JERUSALEM, Nov 4 (Reuters) US Secretary of State Condoleezza Rice said today she was not yet ready to set a date for a conference on Palestinian statehood as Israel cited problems in the talks and cast doubt on implementing any deal.
Rice, on her third visit in six weeks to the region, is trying to bridge gaps between both sides ahead of a US-sponsored conference expected in the last week of November in Annapolis, Maryland.
Israeli and Palestinian negotiators are at odds over a timeline for talks, and Israeli leaders today told Rice any deal Washington hoped to broker for a Palestinian state would not be implemented until Israel's security was assured.
In an indication she had not yet managed to close differences enough between the Palestinians and the Israelis ahead of the planned conference, Rice told reporters traveling with her: ''It's not quite ripe yet for invitations.'' ''I don't have a feeling that when we do deliver invitations we will find many people who will say 'we are sorry we are busy','' Rice said.
Speaking after a day of talks with Israeli leaders, Rice said both sides were working through their differences and that the negotiating atmosphere was good.
''People are starting to address really difficult issues that they have not addressed in a long time and that means that they are negotiating,'' she said, declining to give any details.
''Of course when you negotiate you run into differences,'' she added.
Israel and the Palestinians are still at odds over a joint document for the conference, which would serve as a launching pad for negotiations on core issues such as borders and the fate of Jerusalem and millions of Palestinian refugees.
Israel has insisted that any future agreement be put into effect only after the Palestinians have met their obligations under a US-backed peace 'road map' charting reciprocal steps toward statehood.
The 2003 blueprint requires Palestinians to crack down on militants and for Israel to halt the expansion of Jewish settlements in the occupied West Bank and remove dozens of outposts set up without Israeli government permission.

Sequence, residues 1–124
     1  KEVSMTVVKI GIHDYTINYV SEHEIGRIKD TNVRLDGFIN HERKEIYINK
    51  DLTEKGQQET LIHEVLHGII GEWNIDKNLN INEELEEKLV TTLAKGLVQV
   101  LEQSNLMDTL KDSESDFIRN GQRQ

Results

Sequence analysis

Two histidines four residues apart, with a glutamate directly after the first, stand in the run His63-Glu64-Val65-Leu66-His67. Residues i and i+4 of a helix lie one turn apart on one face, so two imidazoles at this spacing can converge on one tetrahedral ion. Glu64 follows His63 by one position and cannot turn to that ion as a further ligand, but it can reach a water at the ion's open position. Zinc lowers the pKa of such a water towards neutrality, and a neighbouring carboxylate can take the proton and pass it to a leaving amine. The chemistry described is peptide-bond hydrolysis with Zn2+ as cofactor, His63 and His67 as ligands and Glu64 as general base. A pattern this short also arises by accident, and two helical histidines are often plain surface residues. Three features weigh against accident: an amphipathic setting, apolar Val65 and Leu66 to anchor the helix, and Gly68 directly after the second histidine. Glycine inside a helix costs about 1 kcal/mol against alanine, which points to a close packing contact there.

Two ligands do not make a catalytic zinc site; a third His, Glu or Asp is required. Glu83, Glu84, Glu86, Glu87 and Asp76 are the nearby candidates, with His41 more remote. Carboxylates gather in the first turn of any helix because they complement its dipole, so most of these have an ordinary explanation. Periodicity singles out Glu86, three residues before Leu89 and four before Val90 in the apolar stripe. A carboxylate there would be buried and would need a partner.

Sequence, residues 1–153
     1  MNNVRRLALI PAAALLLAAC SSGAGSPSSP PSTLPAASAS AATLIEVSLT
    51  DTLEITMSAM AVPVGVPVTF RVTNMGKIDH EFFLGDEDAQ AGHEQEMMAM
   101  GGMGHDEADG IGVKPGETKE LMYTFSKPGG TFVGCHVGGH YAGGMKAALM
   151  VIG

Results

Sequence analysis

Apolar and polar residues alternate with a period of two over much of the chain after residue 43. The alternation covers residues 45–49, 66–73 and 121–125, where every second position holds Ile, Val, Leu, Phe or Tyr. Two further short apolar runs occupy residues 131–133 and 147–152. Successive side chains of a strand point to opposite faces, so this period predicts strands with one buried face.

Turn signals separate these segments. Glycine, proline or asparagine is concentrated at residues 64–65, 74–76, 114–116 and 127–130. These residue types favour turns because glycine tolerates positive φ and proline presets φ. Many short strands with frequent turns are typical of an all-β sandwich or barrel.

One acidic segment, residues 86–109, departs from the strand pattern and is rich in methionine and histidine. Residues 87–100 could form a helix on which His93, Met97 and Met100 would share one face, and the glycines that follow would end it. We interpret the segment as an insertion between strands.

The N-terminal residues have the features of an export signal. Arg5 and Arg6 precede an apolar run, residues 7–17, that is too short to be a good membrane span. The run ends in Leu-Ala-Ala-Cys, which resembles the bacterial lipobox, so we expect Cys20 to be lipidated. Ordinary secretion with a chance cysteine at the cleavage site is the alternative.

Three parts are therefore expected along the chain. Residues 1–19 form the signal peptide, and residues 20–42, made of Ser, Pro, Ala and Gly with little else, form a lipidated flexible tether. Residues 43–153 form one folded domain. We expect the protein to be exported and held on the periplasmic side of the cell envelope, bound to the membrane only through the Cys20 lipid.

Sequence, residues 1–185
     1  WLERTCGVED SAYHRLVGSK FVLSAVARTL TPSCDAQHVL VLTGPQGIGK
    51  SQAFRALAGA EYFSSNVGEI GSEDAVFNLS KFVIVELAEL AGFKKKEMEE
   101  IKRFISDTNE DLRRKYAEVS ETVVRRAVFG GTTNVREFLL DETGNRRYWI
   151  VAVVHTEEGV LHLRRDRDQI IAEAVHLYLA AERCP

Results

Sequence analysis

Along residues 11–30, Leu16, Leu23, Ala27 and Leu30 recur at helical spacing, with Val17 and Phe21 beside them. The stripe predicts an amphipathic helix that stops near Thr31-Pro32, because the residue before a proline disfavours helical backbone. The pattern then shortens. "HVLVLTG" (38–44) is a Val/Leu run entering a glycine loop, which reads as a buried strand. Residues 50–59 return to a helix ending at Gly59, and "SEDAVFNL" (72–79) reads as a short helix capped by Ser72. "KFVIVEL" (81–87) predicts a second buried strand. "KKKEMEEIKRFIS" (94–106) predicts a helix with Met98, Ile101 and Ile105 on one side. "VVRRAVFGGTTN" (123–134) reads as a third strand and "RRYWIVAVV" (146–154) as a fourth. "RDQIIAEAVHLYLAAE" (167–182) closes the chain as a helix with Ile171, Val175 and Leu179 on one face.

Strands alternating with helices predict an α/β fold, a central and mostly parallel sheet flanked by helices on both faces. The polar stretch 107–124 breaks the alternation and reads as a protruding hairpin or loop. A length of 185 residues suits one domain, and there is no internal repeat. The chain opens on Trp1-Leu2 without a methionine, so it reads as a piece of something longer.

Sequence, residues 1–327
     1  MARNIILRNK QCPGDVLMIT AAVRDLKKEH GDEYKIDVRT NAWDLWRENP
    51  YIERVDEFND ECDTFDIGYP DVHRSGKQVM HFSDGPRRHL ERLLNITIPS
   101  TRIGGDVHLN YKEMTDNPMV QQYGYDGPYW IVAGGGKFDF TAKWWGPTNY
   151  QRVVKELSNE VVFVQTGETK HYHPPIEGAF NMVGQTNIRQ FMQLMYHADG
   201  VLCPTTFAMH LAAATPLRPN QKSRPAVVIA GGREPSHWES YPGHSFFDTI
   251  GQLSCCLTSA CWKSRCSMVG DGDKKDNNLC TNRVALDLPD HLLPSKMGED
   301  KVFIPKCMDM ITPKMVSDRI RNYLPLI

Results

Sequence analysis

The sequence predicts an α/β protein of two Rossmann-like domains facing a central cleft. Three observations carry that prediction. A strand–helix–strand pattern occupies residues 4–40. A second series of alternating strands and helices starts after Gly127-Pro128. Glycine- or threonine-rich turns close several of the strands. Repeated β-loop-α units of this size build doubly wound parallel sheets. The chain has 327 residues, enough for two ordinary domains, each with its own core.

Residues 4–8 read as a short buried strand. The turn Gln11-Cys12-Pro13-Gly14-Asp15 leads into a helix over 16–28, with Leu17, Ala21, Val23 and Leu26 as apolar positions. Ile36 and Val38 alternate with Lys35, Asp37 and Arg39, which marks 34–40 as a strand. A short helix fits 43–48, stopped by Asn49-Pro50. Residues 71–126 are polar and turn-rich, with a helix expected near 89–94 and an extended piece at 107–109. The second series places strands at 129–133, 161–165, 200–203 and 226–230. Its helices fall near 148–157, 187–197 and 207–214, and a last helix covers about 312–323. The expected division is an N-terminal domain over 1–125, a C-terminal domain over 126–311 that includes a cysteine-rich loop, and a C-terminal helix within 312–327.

''They (the Palestinians) need to understand that the implementation of future understandings would be implemented only according to the phases of the road map -- the meaning is security for Israel first and then the establishment of a Palestinian state,'' Foreign Minister Tzipi Livni told reporters, Rice at her side.
Rice said later both sides knew their obligations under the road map, including that Israel had to halt settlement activity.
Palestinian President Mahmoud Abbas, who will see Rice tomorrow, said in a speech in the West Bank city of Ramallah that Palestinians had abided by 90 percent of the road map requirements and now ''Israel must do its part''.
Abbas's Fatah faction holds sway only in the West Bank after losing control of the Gaza Strip to Hamas Islamists in fighting in June.
COMPLICATIONS Livni, Israel's chief negotiator for the conference, said the Jewish state was prepared to move forward in discussions with the Palestinians, although the situation was ''complicated ... more than ever.'' Rice has told reporters it was unlikely there would be agreement on a document during her two-day trip, which included a working lunch with Prime Minister Ehud Olmert.
Commenting on Rice's talks with Olmert, an Israeli government official said they spoke about preparations for the conference and ''adhering to the principles of the road map as a basis for progress between Israel and the Palestinians''.
Israel and the Palestinians are also at loggerheads over Abbas's call for a timeline to wrap up so-called ''final-status'' negotiations for creating a Palestinian state.
Olmert opposes a timeframe, cautioning that a failure to meet deadlines could deepen frustrations and touch off violence.
But he has said it is his goal to reach an accord before U.S.
President George W Bush ends his second term in January 2009.
Rice also met Middle East envoy Tony Blair, who told CNN afterwards there was ''momentum'' in the peace process.
''The next couple of months are going to be absolutely crucial ...
to reinvigorate the credibility of the process, get it back on track and give people who are moderate people, who want to see two states -- Israel confident of its security, a viable Palestinian state up and running and in existence -- and put this long-running dispute to rest,'' Blair said.
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